Swapping cylinders required the user to open the loading gate, press the base pin button, and pull the base pin free from the frame. The cylinder would then drop out of the right side (loading gate side)t of the revolver. This operation had no hitches and was fast and easy to execute.
Our Team Said: The Ruger was built better, in our estimation, which was reflected in the price. We would like Ruger to install a reverse indexing pawl like they do in their New Model Vaquero to make loading easier.
Heritage Mfg. Rough Rider Combo #RR22MB9 22 LR/22 WMR, $230
The Rough Rider had a tight lock up on most chambers; we did experience some being looser than others in both the LR and Mag cylinders. With the cylinder removed, the range rod slid freely through the bore with the head stopping on the recoil shield. When we inserted the cylinder and started to test the chambers, we noticed a very slight misalignment in the 22 WMR cylinder in which the rod did not slide freely through the barrel and into the chamber. The 22 LR was better. We did not think the alignment was so bad that we had to reject the revolver, but we expected to see some chambers not shoot as accurately, and we did.
This diminutive Buntline has a frame of aluminum alloy and a steel barrel and cylinder. A blued finish was nicely executed on the metal. The hammer was left in the white and contrasted agreeably. Grips were smooth cocobolo, and in hand, the revolver was much smaller than a traditional SAA. Testers thought this might be a nice revolver to start young shooters on because of the grip and the thumb safety, a feature missing on the Ruger.
On the left recoil shield was a safety lever that fell under a right-hand shooter’s thumb. Rotated up, it blocked the hammer from hitting the firing pin; rotate it down to fire the gun. The thumb safety looked odd on a SAA-style revolver, but it added an extra level of safety. The trigger was centered in the frame, unlike a traditional SAA trigger. It was smooth with a slight curve that was comfortable to press. The hammer wore an aggressive checkering and made cocking the hammer slip free. The loading gate was easy to operate.
Changing cylinders was a simple task. The base pin wore a fine knurling. We would have preferred something a bit coarser so that after extensive shooting and crud build up, the pin is easier to pull free from the frame. The rear of each cylinder was recessed so when cartridges were inserted, the base of the cartridge was flush with the outer edge of the cylinder.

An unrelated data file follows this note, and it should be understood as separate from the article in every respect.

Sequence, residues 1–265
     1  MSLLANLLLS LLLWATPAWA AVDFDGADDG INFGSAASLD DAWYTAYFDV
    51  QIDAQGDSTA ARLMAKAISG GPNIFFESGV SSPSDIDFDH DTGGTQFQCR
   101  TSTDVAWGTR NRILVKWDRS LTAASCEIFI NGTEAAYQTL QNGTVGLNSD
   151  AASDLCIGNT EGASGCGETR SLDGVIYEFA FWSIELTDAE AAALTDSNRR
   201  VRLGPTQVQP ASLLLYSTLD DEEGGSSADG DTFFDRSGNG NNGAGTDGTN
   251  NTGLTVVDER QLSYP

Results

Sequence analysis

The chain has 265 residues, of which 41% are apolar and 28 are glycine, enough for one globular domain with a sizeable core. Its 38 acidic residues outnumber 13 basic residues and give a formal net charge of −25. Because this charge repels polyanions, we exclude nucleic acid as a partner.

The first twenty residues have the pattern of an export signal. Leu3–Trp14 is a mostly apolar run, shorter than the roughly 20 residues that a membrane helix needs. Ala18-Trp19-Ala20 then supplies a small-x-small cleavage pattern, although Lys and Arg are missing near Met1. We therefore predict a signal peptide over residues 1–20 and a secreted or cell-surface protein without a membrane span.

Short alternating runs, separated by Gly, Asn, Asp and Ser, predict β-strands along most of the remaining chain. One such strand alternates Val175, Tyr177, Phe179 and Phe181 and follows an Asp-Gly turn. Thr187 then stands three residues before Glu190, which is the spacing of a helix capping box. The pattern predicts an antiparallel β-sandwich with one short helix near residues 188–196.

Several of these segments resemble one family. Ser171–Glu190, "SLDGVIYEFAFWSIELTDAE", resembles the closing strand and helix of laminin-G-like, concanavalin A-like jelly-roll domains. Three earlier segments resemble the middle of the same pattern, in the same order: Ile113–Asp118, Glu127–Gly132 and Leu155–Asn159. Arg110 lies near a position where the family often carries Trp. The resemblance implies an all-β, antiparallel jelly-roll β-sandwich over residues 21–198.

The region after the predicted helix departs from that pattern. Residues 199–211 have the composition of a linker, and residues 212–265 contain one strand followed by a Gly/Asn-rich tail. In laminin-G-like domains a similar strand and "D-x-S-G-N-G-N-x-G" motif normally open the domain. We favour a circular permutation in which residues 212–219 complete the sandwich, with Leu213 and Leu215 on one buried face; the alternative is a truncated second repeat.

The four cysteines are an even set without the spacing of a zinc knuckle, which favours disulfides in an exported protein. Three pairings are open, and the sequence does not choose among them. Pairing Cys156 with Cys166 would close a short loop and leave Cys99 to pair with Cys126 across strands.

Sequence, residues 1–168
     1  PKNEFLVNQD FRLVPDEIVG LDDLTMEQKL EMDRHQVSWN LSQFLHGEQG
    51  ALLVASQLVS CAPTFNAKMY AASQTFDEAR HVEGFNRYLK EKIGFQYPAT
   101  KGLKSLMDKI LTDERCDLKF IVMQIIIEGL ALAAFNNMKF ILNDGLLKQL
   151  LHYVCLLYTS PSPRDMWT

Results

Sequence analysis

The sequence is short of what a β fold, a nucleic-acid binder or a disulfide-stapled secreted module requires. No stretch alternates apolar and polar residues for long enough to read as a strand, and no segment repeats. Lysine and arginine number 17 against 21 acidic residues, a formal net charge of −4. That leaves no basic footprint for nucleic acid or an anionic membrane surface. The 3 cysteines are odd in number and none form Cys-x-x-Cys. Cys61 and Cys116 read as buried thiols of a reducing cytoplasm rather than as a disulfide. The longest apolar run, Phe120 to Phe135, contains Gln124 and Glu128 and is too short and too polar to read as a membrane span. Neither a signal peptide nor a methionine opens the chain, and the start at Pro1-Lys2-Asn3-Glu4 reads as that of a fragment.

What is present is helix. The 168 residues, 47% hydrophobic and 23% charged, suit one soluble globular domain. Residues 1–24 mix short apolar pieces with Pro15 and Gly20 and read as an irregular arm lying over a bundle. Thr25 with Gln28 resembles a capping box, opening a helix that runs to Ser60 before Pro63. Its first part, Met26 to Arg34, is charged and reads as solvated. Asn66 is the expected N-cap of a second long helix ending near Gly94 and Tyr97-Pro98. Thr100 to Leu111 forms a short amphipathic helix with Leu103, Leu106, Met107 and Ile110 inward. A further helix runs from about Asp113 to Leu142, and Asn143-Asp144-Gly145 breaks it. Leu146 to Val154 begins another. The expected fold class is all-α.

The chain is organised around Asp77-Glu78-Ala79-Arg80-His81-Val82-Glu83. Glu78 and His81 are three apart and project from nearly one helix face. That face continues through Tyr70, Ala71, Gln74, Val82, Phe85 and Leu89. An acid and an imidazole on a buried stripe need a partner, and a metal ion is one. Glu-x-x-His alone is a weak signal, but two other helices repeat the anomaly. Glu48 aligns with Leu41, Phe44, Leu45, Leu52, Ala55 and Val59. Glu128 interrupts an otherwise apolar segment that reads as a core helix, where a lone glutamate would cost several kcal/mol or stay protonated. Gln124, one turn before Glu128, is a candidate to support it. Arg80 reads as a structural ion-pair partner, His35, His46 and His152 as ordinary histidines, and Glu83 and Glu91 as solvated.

Load the Rough Rider like any traditional SAA revolver. To ensure the hammer rests on an empty chamber, first cock back the hammer to half cock, open the loading gate and load one chamber, skip the next chamber, load the rest. Loading small cartridges into the Rough Rider was easier than with the Ruger, we thought. There was more wiggle room with the cylinder in case you indexed the chamber too much. Unloading empties was a bit easier, too. Magnum cases were the most stubborn to eject, but the ejection rod and gravity worked together to remove them.
What we found with these long-barrel revolvers was that muzzle blast was way in front and was less noticeable, something else to think about when introducing new shooters to pistols. We also tested at 15 yards, since the Heritage had a fixed sight and the Ruger an adjustable one. We were quite pleased with the Heritage’s accuracy. The slight misalignment seemed not to affect the performance most of the time, though we did notice we threw a shot per cylinder.
Our Team Said: Overall, we thought the Rough Rider was a fun gun to shoot, and it would be deadly on squirrels. We did see some of the bluing start to wear on the butt, and the front blade sight loosened but a dab of epoxy fixed the problem. The Rough Rider was hard to beat for the price.
Written and photographed by Robert Sadowski, using evaluations from Gun Tests team testers. GT